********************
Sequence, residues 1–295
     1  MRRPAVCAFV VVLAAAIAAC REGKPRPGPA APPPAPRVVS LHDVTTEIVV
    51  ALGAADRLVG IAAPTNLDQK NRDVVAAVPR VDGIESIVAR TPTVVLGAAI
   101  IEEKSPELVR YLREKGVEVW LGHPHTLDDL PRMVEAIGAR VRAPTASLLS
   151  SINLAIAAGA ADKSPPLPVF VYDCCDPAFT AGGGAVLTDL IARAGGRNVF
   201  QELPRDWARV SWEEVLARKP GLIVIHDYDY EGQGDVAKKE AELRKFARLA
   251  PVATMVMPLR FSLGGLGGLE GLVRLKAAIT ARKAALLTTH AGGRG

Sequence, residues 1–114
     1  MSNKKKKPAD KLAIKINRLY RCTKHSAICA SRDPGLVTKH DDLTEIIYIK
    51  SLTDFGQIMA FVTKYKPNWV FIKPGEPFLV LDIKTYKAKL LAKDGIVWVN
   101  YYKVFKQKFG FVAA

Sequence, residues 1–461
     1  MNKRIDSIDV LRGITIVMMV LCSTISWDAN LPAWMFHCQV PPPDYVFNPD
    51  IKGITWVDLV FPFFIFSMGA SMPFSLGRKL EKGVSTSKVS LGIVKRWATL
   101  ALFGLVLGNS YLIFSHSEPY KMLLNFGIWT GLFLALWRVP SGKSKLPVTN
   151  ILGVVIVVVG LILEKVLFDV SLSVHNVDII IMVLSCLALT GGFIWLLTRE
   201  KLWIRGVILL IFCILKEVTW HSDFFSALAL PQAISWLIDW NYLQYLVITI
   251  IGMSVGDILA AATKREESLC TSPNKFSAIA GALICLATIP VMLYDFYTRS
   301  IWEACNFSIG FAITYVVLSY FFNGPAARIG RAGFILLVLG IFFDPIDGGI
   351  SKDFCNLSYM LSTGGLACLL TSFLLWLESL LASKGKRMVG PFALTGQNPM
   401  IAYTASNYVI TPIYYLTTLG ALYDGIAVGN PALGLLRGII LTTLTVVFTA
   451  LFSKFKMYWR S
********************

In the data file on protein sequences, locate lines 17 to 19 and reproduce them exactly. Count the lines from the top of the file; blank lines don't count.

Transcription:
   201  KLWIRGVILL IFCILKEVTW HSDFFSALAL PQAISWLIDW NYLQYLVITI
   251  IGMSVGDILA AATKREESLC TSPNKFSAIA GALICLATIP VMLYDFYTRS
   301  IWEACNFSIG FAITYVVLSY FFNGPAARIG RAGFILLVLG IFFDPIDGGI